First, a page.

By Jay Handelman, Herald-Tribune, Nov. 15, 2017
Musical based on holiday classic runs through Dec. 10
A poster of humorist Jean Shepherd hung in my brother’s bedroom when we were growing up, and I remember nights listening to the inventive and colorful stories the radio star told on his nightly broadcasts on WOR in New York.
It’s safe to say that most people still know that distinctive voice from the holiday classic “A Christmas Story,” based on one of Shepherd’s stories. He narrated the film with an excitable tone that conveyed all the worry and nervousness of 9-year-old Ralphie Parker and his campaign to get a Red Ryder Carbine Action BB Gun for Christmas. And he simultaneously made us feel like we knew Ralphie’s grumpy, often-cursing father who, despite all the grousing, still displays a beating heart.
… it offers an often delightful performance by Asher Woomert in the key role of Ralphie. His older brother, Judah, played the same part three years ago at the Players Centre in Sarasota. Asher may not be as natural an actor or singer as his brother, but he does help you connect with Ralphie’s anxieties over this all-important Christmas gift. To this young boy, nothing is more important. But typical of a nervous and shy kid, he overthinks every move he wants to make to convince his parents to get him the gun, whether it’s a direct conversation, sitting on Santa’s lap at Higbee’s department store or writing a school essay.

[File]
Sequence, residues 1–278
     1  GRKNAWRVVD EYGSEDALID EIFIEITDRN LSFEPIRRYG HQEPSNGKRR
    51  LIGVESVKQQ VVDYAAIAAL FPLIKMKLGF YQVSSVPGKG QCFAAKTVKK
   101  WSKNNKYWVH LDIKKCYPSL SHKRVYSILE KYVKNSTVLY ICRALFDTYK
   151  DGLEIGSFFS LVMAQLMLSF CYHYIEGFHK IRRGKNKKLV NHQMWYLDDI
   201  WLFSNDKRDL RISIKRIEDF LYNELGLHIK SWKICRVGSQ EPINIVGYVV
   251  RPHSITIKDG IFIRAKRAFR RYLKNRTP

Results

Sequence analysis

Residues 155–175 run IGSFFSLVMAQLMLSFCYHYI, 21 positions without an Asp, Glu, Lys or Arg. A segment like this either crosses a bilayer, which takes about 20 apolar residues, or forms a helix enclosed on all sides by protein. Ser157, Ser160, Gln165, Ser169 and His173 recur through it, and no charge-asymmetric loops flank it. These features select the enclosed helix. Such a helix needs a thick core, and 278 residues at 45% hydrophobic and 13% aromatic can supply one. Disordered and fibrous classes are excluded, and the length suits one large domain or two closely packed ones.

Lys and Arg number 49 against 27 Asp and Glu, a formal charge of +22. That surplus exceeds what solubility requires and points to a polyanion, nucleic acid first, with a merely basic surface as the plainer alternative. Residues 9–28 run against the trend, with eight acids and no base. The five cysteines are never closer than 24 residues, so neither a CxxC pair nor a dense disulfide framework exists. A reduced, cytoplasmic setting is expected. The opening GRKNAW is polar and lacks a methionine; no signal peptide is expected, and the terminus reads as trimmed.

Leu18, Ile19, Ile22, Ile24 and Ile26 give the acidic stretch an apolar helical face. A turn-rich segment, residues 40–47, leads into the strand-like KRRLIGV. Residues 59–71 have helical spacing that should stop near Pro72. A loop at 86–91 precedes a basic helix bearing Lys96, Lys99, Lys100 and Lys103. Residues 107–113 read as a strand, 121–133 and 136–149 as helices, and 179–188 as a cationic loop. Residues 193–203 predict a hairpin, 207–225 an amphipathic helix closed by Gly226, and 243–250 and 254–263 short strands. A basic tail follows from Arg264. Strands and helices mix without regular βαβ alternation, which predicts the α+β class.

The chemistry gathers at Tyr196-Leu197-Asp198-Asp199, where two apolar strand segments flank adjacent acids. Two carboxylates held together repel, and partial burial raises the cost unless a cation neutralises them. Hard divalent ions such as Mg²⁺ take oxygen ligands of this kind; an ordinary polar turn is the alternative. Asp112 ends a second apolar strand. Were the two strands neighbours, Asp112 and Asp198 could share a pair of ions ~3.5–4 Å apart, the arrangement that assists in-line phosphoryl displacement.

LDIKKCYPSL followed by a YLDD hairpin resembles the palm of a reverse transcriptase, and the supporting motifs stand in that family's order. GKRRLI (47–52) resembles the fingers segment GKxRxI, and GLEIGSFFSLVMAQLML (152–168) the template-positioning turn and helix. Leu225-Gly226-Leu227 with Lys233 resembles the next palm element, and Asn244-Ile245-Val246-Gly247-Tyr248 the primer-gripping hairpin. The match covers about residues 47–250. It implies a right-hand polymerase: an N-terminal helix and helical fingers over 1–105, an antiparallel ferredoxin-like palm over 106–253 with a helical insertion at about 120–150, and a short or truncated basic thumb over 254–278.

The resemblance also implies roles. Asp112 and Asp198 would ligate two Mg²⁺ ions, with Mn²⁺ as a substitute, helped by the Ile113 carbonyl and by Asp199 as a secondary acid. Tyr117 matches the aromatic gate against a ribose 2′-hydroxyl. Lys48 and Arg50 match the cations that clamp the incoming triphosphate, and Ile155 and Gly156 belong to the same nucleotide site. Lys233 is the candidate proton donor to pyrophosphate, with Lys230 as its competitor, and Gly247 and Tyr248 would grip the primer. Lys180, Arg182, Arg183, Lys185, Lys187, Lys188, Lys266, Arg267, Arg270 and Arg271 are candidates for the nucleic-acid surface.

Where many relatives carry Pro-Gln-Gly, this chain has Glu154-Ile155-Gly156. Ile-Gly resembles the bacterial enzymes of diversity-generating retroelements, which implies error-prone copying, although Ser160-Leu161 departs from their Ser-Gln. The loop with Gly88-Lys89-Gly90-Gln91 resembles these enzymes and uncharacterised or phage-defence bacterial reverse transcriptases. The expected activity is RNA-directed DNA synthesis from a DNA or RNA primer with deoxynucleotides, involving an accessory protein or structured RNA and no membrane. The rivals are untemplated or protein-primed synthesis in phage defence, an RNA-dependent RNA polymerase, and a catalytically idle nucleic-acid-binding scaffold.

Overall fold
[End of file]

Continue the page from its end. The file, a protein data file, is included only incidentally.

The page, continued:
He’s joined by Charles Davis Shoemaker, who is adorable as Ralphie’s younger brother, Randy, who tangles with a heavy winter coat, and Kim Kollar as their loving, overprotective mother. She sings the touching “Just Like That” about how quickly problems and childhood can pass by.
As The Old Man, Neil Kasanofsky conveys all the father’s irascibility and penchant for explosive outbursts over the constant flow of bills and the angry dogs next door. He looks older than you might expect and his singing is only passable for some of the sweet melodies by Benj Pasek and Justin Paul (Tony winners for “Dear Evan Hansen”). But you do feel his unmitigated joy when he wins a leg-shaped lamp as a prize for one of the many contests he enters. The prize doesn’t matter as much as the fact that he finally won something.
There’s also a joyous performance by Morgan Graves as Ralphie’s teacher, Miss Shields, who briefly sheds her prim and proper attitude for a vivacious song and dance routine to “You’ll Shoot Your Eye Out.” It’s one of several lively fantasy musical sequences that make up the show, and features some impressive tapping (choreographed by Geena M. Ravella) by ensemble member Noah Roderiques.
Douglas Landin plays Shepherd himself, who narrates the show and becomes a presence on stage, leading us from one memorable moment to another and helping to move the set.
While the production doesn’t always capture the emotional highs and lows, it does create some warm, nostalgic feelings and the joy of watching kids put all their efforts into making their wishes come true.